I find that each piece is half foresight, half spontaneity. Either the composition of forms is planned and the color is left to happen as it will, or vice-versa.
Do you sketch?
I sort of sketch. When I was younger and was primarily a figurative artist, I kept a sketch book and would draw all the time. Now, the gist of my sketching happens on random pieces of paper of a composition that has flashed in my head, or a color combo I woke up after dreaming. This often happens when I’m on the go and all I have is a napkin to draw on. It’s a rough scribble, depicting general shape and line relationships, and some barely intelligible words describing possible color combos. Then this paper either gets stuffed into a drawer or pocket and accidentally forgotten about, or it makes it up on the wall in the studio.
What’s your favorite color?
Cobalt Blue when I’m painting, black when I’m printmaking, and pink when I’m floral designing or gardening.
How has your work developed in the past few years, and how do you see it evolving in the future?
My work has been slowly leaving the wishy-washy, fuzzy color field compositions of soft, muted, and minimal color, and has been edging into the exploration of more color and graphic shapes. I see it continuing in this way, but I wouldn’t be surprised if the two meet harmoniously down the road and something new yet familiar emerged from it.
How would you describe the shapes and compositions you’re exploring?
I work with about three different shapes, and never more than one shape is used on a painting . I’ve made stencils of these shapes and with a particular shape I explore the different compositions that can come from the flipping and repeating of that single form. All the shapes I work with are curved, but I wouldn’t call them organic shapes. They have math to them and proportions, and above all they have symmetry or can create symmetry when repeated and paired together.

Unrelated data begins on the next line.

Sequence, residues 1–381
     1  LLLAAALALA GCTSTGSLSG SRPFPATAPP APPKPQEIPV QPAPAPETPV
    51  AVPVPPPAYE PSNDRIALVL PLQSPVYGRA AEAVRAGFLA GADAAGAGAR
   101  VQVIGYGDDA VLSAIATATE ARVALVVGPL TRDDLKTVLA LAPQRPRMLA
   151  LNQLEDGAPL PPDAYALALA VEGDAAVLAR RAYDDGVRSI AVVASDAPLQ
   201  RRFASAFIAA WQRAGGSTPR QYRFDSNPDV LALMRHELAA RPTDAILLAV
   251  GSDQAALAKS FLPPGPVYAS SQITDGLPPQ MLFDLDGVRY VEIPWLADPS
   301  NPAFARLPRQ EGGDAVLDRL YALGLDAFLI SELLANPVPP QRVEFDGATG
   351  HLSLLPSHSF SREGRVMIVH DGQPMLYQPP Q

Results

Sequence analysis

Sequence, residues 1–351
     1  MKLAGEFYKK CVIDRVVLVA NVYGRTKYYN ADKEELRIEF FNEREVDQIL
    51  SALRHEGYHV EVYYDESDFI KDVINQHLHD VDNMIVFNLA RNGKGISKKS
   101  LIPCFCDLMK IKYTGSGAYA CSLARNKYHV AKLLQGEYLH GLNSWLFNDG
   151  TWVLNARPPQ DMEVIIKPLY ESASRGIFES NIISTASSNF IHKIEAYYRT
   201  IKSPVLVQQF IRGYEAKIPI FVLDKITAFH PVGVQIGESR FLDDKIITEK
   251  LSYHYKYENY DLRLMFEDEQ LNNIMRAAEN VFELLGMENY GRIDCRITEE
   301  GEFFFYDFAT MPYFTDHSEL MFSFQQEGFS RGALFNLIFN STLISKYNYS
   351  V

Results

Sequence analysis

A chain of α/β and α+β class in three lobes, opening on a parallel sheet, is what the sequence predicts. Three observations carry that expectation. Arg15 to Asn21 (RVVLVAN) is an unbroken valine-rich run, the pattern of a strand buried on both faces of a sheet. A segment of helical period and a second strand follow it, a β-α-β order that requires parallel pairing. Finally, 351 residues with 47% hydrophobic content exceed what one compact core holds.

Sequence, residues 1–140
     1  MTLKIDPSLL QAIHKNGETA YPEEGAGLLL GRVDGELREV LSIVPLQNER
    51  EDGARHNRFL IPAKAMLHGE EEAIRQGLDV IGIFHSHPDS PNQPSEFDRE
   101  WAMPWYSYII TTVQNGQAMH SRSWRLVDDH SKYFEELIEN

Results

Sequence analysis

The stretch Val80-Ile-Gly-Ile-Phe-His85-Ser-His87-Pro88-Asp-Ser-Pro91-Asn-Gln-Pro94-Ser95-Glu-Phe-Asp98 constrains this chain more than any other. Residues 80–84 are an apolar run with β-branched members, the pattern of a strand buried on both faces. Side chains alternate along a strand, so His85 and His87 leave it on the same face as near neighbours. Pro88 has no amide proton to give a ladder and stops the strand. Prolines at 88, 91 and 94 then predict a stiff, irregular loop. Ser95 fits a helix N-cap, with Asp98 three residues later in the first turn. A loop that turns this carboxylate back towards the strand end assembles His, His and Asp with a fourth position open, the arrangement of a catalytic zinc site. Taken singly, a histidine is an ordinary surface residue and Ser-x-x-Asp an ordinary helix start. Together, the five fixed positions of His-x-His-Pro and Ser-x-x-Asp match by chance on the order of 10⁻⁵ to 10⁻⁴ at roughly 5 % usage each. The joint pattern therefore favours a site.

Slant
All the shapes I work with are curved, but I wouldn't call them organic shapes. They have math to them and proportions, and above all they have symmetry or can create symmetry when repeated and paired together. — Arielle Zamora
Are you formally trained?
I graduated from the Oregon College of Art and Craft (formerly), and there I was mentored by an amazing painter Michelle Ross. And really, I owe that school for teaching me what I know and for providing the space for me and everyone else to use our hands and explore the meaning and tradition of craft. I’m so thankful for my education in numerous disciplines, including metal smithing, woodworking, book arts, and letterpress printing. OCAC will be sorely missed.
Do you admire or draw inspiration from any of your peers who are also working now?
I draw a lot of inspiration from my peers. I’m actually a part of a critique group that a handful of OCAC alumni have put together, and we meet once a month. We recently started inviting more artists, so we critique work that includes painting, printmaking, glass, photography, writing, fibers, sculpture, and more. It’s such an important group for me, as my art-making does get very solitary, which I think is the case for most artists. So with this group we can bounce ideas off each other, explore themes, give “homework” , and ask those questions we really need an outsider to answer. Collaboration is something I’ve wanted to explore for a while, and we’ve talked about collaboration in our crit group. I think it’s the next step that could really help me break boundaries within my own work.
Do you remember the first work of art that captured your attention?
It was a Rothko. Bigger than my whole self. Dark and soft. I really enjoyed looking at his work from the belly of it, but then moving to the sides of the canvas to see his edges, and where his thoughts and movements ended or began.
Are you influenced by any author or non-visual artist? Are you influenced by any artist that does something completely different than you?
If it has to be non-visual, it would be music. I’m heavily influenced by music that emits the feeling of landscape, like Sigur Ros or Andrew Bird, or music that reminds me of love in another century, like classical composers Maurice Ravel and Erik Satie. There is a lot of shape in the sounds these artists create.
What’s next for you?
More printmaking and a new series of paintings. I’ve got some large panels primed and ready to go, and I have some ideas of color and shape floating around in my head that really need to come to fruition.